A “pre-deployment evaluation facility”, replicating the queries performed during the successful laboratory test against the evaluative domains in the production root zone.
An “application software evaluation facility”, providing for evaluation of systems connected to the various translations of “example.test”, to be coordinated by ICANN.
ICANN received significant input from a wide spectrum of the Internet community on the development of IDNs. Input has been received from ICANN President’s Advisory Committee on IDNs, the Generic Names Supporting Organisation Council’s IDN Working Group, the Joint ccNSO-GAC IDN Working Group, the ICANN Security and Stability Advisory Committee, the ICANN Root Server System Advisory Committee, the GNSO Reserved Names Working Group, the GNSO Council, the GNSO Registries Constituency, the Country-Code Names Supporting Organisation, and many others.
The ICANN RSSAC reviewed the Evaluation Plan and specified that “[t]here is no issue with adding standard delegations (NS records) to the root zone to instantiate IDN at the root.” The ICANN SSAC also reviewed the Plan, and advised that it “favors the introduction of a set of IDN labels” as proposed by this delegation request.
Comments on the plan also resulted in a correction being made to a code-point used for the Persian “test” top-level domain, which has been reflected in this report.
This report is being provided under the contract for performance of the IANA function between the United States Government and ICANN. Under that contract, ICANN performs the IANA function, which includes receiving delegation and redelegation requests concerning top-level domains, investigating the circumstances pertinent to those requests, and reporting on the requests.
IANA has determined the request has followed the relevant ICANN procedures, and is being implemented in accordance with the ICANN Evaluation Plan for Internationalised Top-Level Domains. IANA will act as the trustee for the domains, consistent with its administration of other Internet resources that do not have a clear definition of stewardship (such as single letter generic top-level domains, RFC 1918 address space, and other reserved codes).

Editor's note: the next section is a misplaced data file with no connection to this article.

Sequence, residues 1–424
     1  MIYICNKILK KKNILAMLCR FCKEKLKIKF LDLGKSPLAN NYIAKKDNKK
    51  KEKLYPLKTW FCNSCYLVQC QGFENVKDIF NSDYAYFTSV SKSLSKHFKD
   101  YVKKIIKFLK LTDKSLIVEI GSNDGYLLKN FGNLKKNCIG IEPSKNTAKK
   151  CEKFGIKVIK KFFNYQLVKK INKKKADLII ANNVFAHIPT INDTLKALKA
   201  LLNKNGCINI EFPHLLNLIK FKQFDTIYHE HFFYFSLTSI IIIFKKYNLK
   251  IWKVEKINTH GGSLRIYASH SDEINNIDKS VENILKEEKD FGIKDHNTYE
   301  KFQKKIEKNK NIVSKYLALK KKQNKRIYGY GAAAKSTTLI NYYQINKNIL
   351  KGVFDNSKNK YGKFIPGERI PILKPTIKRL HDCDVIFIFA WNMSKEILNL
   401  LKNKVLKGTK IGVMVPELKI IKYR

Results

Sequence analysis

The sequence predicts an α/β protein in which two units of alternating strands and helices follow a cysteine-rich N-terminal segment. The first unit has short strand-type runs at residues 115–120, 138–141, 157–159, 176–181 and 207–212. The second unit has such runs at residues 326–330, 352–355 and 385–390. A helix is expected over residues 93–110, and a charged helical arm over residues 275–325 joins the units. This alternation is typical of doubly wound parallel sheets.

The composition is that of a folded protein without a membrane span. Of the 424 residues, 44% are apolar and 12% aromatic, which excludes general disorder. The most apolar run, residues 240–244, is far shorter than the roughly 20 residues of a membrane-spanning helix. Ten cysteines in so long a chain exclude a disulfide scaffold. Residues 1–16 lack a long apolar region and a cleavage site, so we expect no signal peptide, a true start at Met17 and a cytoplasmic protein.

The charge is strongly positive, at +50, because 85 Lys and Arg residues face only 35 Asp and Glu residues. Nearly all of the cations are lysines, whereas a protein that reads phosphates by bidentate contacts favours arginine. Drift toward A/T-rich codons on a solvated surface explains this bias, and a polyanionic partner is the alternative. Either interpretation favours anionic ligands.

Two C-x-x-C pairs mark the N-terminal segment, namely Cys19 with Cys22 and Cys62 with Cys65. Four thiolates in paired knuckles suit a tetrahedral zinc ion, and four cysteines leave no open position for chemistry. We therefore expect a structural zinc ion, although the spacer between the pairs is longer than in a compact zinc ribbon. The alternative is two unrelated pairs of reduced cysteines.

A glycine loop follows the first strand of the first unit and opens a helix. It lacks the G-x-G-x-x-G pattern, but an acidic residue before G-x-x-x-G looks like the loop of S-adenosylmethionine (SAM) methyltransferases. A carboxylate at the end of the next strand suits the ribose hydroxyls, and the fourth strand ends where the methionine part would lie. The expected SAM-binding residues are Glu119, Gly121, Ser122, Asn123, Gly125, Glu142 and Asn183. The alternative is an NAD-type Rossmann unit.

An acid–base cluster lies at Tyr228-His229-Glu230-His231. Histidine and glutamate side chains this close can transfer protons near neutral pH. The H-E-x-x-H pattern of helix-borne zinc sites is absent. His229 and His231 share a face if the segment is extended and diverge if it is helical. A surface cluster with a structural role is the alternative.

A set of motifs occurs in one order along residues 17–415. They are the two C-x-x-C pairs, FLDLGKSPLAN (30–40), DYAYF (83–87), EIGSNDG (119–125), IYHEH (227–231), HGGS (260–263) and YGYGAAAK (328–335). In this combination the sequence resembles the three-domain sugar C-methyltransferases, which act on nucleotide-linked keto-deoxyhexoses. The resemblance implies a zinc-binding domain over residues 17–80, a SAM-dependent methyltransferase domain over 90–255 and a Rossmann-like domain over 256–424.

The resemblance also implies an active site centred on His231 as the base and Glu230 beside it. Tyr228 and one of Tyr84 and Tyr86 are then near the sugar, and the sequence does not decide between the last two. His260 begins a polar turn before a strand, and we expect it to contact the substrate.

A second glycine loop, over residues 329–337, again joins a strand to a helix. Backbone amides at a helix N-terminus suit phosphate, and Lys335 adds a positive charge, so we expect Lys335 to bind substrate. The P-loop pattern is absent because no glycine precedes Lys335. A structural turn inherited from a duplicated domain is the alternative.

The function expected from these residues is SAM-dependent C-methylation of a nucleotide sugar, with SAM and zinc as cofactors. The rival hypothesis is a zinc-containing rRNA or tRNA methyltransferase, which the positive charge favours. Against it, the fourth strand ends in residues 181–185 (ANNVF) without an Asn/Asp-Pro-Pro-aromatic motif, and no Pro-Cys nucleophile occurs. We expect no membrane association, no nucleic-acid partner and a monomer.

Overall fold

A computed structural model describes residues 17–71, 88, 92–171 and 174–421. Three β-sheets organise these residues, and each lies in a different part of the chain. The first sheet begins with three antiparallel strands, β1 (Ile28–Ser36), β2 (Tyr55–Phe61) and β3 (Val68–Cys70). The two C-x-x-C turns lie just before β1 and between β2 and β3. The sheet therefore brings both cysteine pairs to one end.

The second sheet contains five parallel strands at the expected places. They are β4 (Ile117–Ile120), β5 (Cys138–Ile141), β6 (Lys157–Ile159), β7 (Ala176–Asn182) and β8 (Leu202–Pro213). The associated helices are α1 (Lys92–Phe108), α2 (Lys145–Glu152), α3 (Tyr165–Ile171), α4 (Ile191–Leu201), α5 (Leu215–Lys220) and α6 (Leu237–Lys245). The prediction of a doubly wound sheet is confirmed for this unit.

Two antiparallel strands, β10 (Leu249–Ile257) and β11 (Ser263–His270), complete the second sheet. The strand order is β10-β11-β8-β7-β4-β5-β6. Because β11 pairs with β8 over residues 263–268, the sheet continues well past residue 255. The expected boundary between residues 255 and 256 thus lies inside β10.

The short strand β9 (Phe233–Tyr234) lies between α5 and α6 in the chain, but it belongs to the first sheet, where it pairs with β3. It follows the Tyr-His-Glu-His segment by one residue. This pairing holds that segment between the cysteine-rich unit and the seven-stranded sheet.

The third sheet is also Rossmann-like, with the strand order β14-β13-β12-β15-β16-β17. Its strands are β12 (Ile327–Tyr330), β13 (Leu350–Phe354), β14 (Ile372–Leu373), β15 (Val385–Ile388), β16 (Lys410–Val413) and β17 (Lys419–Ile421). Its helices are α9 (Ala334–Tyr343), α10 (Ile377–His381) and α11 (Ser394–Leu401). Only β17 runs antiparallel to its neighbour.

Of particular note, IANA has instituted new procedures that will allow it to revoke the delegation of these domains rapidly in the event that they cause any negative effects to the operation of the DNS root system. This revocation can be enacted either by ICANN Staff, or through consultation with any of the root server operators.
Based upon the foregoing evaluation, the proposed domain delegations will promote service to the Internet community by helping to assure the improved interoperability of the Internet through the global technical coordination within ICANN’s mandate.
IANA therefore concludes that the domains XN--KGBECHTV (representing the term “test” in Arabic), XN--HGBK6AJ7F53BBA (representing the term “test” in Persian), XN--0ZWM56D (representing the term “test” in Simplified Chinese), XN--G6W25LD (representing the term “test” in Traditional Chinese), XN--80AKHBYKNJ4F (representing the term “test” in Russian), XN--11B5BS3A9AJ6G (representing the term “test” in Hindi), XN--JXA1PD1P (representing the term “test” in Greek), XN--9T4B11YI5A (representing the term “test” in Korean), XN--DEBA0AD (representing the term “test” in Yiddish), XN--ZCKZAH (representing the term “test” in Japanese) and XN--HLCJ6AYA9ESC7A (representing the term “test” in Tamil) should be delegated to the Internet Assigned Numbers Authority as evaluative domains in accordance with ICANN’s IDN Evaluation Plan.